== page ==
Britain, and in particular Sir Anthony Eden, the foreign secretary, regarded Mosaddeq as a serious threat to its strategic and economic interests after the Iranian leader nationalised the British Anglo-Iranian Oil Company, latterly known as BP. But the UK needed US support. The Eisenhower administration in Washington was easily persuaded and since then, both countries have been mired in an endless and pointless cold war with Iran.

Unlike other nationalist leaders, including Egypt's Gamal Abdel Nasser, Mosaddeq epitomised a unique "anti-colonial" figure who was also committed to democratic values and human rights.

Once again, greedy Western interests, in this case, the UK’s desire for Mosaddeq to undermine his own national movement by giving up his policy of oil nationalization, set in motion a series of events that would culminate in the death of Mosaddeq, the reinstatement of Anglo control of Iranian oil fields and the eventual birth of the Iranian revolution which has gone on to destabilize the entire Middle East region, and brought the world a second cold war.

Jimmy Carter, entered the political fray in 1976, when America was still riding the liberal wave of anti-Vietnam War emotion.

Carter was persuaded that the Shah was not fit to rule Iran, and for all sense and purposes was correct in his assessment. In his anti-war pacifism, Carter never got it that Khomeini, a cleric exiled to Iraq, was preparing Iran for revolution. His weapon of choice was not the sword but the media. Using tape cassettes smuggled by Iranian pilgrims returning from the holy city of Najaf, he fueled disdain for what he called “gharbzadegi” (the plague of Western culture).

Under Carter’s predecessor, Richard Nixon, the U.S. had enacted what became known as the “Twin Pillar Doctrine.” His approach was to establish American military substitutes in various regions, especially in Iran and Saudi Arabia, to deter the Soviet Union and provide protection for U.S. interests. Iran received such a designation and was thus, guaranteed access to U.S. arms in abundance.

Carter perceived Khomeini as a religious holy man in a grassroots revolution than the founding father of modern terrorism.

Carter’s ambassador to the United Nations, Andrew Young, said” Khomeini will eventually be hailed as a saint.” Carter’s Iranian ambassador, William Sullivan, said, “Khomeini is a Gandhi-like figure.” Carter adviser James Bill proclaimed on Feb. 12, 1979, that Khomeini was not a mad mujahid, but a man of “impeccable integrity and honesty.”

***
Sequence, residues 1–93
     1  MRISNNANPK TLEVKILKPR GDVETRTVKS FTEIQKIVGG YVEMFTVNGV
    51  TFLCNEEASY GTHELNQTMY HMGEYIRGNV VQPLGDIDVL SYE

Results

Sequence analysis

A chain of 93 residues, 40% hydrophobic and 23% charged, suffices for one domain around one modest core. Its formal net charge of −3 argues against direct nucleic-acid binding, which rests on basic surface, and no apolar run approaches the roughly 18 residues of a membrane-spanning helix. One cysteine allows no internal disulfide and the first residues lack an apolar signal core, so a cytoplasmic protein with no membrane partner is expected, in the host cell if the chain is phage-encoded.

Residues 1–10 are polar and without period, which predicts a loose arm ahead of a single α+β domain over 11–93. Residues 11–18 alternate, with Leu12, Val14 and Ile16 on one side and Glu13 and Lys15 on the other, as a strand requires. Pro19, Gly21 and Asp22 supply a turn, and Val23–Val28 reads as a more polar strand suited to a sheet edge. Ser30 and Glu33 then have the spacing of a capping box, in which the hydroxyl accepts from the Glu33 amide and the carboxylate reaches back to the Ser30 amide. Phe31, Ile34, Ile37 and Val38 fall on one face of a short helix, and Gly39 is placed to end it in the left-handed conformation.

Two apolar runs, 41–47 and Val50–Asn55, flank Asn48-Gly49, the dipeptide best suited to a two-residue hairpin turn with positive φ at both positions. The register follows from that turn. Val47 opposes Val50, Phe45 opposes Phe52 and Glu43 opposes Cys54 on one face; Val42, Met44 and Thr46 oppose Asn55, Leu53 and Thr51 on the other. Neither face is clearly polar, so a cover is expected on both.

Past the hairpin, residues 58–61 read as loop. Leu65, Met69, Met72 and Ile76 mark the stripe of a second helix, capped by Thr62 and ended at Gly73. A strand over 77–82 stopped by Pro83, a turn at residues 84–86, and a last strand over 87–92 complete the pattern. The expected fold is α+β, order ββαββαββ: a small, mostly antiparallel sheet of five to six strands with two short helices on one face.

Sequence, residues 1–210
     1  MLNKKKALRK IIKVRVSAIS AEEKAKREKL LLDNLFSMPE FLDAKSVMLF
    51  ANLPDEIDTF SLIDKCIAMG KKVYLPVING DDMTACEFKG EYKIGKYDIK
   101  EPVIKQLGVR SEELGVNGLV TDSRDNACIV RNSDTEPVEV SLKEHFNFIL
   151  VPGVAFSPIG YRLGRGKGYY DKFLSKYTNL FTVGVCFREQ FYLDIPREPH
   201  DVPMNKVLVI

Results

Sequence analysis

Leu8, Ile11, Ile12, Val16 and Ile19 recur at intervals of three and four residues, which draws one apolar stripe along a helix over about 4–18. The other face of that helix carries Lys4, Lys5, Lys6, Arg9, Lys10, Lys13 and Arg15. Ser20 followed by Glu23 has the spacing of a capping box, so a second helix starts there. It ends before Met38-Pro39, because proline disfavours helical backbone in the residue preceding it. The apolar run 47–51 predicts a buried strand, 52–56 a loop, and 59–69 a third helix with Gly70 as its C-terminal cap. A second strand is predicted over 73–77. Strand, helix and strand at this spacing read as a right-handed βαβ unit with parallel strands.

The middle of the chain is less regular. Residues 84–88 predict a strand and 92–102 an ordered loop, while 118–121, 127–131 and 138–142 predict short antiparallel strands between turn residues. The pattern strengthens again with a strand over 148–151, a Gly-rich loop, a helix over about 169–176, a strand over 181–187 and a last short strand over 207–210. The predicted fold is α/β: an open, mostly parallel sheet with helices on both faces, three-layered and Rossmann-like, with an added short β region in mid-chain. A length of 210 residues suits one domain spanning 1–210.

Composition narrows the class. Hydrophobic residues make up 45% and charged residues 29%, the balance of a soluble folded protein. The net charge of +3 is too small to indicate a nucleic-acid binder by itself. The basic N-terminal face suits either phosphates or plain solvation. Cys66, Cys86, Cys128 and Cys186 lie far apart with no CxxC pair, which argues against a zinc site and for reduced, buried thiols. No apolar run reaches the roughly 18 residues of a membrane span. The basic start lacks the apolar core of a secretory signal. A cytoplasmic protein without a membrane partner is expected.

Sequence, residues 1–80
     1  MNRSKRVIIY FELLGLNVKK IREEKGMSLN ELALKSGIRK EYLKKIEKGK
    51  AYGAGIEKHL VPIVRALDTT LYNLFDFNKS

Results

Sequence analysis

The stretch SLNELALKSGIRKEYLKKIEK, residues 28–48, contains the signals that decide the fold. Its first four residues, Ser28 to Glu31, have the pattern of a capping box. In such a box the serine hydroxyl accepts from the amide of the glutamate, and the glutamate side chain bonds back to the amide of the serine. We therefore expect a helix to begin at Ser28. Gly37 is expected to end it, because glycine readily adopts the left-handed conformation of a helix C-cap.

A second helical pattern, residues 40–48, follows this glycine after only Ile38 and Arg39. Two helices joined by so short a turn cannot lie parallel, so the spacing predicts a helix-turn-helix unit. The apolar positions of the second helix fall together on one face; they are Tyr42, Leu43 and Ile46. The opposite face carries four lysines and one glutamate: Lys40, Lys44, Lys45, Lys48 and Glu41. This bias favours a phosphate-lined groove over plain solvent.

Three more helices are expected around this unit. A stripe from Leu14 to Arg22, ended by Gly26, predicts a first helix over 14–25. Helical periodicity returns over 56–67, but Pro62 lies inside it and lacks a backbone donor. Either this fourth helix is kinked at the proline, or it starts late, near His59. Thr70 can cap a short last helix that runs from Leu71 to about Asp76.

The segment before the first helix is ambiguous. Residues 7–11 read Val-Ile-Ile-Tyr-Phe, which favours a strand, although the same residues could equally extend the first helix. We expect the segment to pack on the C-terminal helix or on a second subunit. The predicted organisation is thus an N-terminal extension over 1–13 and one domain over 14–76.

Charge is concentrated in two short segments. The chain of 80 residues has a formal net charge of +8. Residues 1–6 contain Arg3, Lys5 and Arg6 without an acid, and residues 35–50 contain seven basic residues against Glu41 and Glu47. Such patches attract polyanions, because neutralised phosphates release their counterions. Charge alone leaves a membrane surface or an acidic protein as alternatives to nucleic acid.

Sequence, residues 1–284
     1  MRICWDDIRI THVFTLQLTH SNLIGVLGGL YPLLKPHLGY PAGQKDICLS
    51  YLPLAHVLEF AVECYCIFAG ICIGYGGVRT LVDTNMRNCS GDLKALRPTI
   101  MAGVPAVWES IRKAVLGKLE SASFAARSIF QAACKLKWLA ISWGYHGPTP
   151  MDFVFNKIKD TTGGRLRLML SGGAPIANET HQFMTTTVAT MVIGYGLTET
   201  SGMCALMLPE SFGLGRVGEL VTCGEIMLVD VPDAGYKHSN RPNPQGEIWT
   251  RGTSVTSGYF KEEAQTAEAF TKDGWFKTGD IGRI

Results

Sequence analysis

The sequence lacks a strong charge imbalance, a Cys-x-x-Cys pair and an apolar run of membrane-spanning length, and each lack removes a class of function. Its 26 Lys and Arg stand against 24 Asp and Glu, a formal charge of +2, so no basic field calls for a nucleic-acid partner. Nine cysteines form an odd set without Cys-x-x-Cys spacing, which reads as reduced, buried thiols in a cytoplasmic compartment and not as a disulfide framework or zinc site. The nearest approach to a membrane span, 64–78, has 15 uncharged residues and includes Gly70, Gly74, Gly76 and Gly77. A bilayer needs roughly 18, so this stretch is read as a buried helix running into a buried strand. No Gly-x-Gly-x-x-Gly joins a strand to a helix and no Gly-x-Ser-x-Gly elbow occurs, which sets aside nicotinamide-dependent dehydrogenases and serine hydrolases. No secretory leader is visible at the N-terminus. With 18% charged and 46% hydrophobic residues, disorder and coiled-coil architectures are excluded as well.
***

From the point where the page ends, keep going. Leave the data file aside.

Khamenei as well as the hardliners are likely to continue to use their commanding institutional power to impose their vision of pristine Islamist rule. In their eyes, both reformers and centrists stand suspect today as their promises have only provoked popular insurrections. Iran’s conservatives are imbued with an ideology that views the essential purpose of the state as the realization of God’s will on Earth.

Such an exalted task mandates the assumption of power not by tentative moderates but devout revolutionaries. Given such ideological inclinations, the hardliners are utterly contemptuous of democratic accountability and are unconcerned about their loss of popularity and widespread dissatisfaction with theocratic rule. The legitimacy of state does not rest on the collective will but on a mandate from heaven.

For years, Khamenei has continued the late policies of Khomeini, which has insisted on a “resistance economy” that would wean itself of oil experts, seek to protect domestic industries from overseas competition, avoid trade with the West in favor of local markets and keep its funds out of international banks. The more modern version has been the adoption of the Yuan for trade with China to bypass sanctions, closer cooperation with Russia and Rouhani had sought to rely on foreign investments to regenerate the economy, a policy always distrusted by a supreme leader suspicious of the West and enchanted by notions of self-sufficiency and self-reliance.

For the hardliners, integration into the global economy is a trap that could unleash liberalizing forces that would overwhelm their regime and threaten their divine experiment. Iran’s austere economy is unlikely to raise the people’s standards of living, but the revolution can only survive in isolation from the West.